Since there are over 40 varieties of basil and all of them are well-suited for organic gardening, you will decide which ones you want to try. For making pesto and for Italian cooking, Genovese and Italian Large Leaf basil varieties are hard to beat. Thai basil varieties are sweeter than Italian varieties and have a cinnamon and clove flavor to them. Other "specialty" basils come in purple or variegated colors or in fruity or citrus scents.
Basil can be direct seeded or transplanted into your garden. Basil seedlings are easy to grow organically as long as you have a warm place to keep them. Basil doesn't have too many insect pests. The most notable disease a problem that afflicts basil, typically while the plants are still seedlings, is Fusarium wilt, a fungal disease. The easiest way to fight fusarium wilt by organic methods is to buy fusarium resistant varieties of basil. These are available from Johnny's Selected Seeds.
There are several compact varieties that only reach 8 to 12 inches tall but have the same excellent flavor as their taller cousins. Your organic container garden is also a great place to grow basil.
Your basil is ready to harvest when you can pluck off several whorls of leaves and there are still enough leaves on the plant for it to recover. Always harvest your basil when it is sunny out and the plants are not covered with dew or moisture because if there is water on the leaves, they will turn black after you pick them. Basil leaves bruise very easily and should always be harvested by plucking a whorl of leaves off by their stem, not by pulling individual leaves off of the plant. Discard any seed heads that become mixed in with your harvest. The leaves are the tasty, edible part of this plant.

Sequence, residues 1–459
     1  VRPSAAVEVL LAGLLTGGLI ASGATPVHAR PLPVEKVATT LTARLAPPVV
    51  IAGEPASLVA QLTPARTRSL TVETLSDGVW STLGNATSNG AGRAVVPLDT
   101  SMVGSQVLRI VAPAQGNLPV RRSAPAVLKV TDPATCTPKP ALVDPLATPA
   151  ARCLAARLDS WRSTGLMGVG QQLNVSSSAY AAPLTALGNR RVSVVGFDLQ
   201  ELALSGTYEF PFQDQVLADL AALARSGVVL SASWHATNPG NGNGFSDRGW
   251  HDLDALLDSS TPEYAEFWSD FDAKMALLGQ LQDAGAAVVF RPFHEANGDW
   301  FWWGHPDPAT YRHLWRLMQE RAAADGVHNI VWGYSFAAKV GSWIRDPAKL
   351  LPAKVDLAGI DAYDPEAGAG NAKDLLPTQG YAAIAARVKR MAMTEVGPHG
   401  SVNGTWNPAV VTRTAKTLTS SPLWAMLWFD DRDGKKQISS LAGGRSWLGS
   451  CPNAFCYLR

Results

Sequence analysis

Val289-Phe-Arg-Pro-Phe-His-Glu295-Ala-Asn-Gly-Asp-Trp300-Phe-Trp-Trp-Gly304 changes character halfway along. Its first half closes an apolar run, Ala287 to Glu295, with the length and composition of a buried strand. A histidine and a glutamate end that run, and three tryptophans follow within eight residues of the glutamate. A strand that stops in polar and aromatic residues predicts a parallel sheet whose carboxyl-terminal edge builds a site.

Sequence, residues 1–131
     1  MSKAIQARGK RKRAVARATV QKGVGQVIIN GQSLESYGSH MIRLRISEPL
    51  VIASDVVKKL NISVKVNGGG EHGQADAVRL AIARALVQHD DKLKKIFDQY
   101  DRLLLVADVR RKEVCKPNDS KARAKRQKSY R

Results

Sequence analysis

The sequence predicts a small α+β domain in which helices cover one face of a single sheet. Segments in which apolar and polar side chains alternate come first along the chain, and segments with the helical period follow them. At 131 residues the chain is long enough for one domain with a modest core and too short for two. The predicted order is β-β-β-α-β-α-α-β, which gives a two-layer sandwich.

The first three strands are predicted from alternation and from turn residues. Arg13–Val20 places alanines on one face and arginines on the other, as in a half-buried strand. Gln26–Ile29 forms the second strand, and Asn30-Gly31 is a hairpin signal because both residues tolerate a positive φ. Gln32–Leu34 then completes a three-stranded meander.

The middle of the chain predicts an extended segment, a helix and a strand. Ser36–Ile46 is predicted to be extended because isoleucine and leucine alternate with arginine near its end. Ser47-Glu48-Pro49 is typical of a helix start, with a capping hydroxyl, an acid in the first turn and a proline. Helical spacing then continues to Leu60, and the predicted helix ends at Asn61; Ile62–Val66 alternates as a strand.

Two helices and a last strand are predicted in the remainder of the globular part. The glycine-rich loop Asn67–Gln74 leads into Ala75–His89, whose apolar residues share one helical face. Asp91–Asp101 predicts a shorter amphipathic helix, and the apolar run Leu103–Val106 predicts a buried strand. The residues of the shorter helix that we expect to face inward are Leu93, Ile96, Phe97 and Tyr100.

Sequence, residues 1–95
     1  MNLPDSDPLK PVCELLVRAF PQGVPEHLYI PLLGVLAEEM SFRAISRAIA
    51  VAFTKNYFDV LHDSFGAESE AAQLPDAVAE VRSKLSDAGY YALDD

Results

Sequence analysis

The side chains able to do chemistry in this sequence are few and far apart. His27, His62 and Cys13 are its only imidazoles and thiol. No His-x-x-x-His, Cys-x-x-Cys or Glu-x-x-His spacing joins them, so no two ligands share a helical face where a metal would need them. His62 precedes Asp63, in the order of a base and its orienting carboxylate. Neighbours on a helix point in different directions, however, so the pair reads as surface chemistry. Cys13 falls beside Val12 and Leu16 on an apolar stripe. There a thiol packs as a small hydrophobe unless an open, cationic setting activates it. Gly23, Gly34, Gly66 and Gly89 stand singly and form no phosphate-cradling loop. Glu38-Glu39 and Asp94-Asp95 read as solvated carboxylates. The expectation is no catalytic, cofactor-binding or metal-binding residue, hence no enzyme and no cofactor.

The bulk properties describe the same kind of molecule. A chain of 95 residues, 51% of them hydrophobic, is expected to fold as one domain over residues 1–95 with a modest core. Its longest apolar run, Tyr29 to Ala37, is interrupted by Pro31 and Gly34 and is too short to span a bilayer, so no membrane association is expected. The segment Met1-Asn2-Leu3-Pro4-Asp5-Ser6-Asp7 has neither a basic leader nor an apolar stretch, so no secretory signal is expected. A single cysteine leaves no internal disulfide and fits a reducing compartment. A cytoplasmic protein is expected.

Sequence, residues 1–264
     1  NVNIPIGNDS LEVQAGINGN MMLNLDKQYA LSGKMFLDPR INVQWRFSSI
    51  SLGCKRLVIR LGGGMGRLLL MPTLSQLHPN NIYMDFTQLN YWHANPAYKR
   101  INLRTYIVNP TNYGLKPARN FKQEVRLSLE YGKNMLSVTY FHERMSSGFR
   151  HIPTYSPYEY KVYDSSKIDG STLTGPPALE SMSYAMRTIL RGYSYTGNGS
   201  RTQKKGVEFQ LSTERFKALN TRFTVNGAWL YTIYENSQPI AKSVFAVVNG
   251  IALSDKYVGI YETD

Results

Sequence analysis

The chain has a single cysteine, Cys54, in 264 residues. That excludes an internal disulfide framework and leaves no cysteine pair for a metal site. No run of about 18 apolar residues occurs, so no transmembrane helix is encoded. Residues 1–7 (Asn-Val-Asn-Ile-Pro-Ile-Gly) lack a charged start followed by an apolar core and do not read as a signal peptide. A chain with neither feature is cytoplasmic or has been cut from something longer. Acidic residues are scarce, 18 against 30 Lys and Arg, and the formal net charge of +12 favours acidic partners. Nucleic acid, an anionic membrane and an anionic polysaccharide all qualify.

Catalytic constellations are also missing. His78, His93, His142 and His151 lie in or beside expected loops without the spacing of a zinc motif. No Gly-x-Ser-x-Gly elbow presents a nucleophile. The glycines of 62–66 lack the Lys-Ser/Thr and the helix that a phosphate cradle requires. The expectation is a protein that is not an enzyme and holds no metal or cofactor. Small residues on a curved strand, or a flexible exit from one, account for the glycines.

Since it is fast growing, decorative and so easy to grow and use, basil should definitely have a place in your organic garden!
Great Basil Varieties for Organic Gardens
Delicious Basil Pesto
Pesto Sauce Recipe(serves 4)
1. Peel and mince garlic
2. If desired, toast nuts in skillet over medium heat until golden.
3. Place all ingredients except cheese in work bowl of food processor; process until smooth. Scrape sides of bowl as necessary to ensure even mixing.
4. Transfer mixture to small bowl. Add cheese and salt to taste.
Pesto can be covered with plastic wrap or a thin film of oil (will keep the top of the pesto sauce from turning dark) and stored in the refrigerator for up to 5 days.
Alternatively, pesto can be frozen into single-serving cubes using ice cube trays. After freezing, remove from tray and store in air tight container for up to 3 months.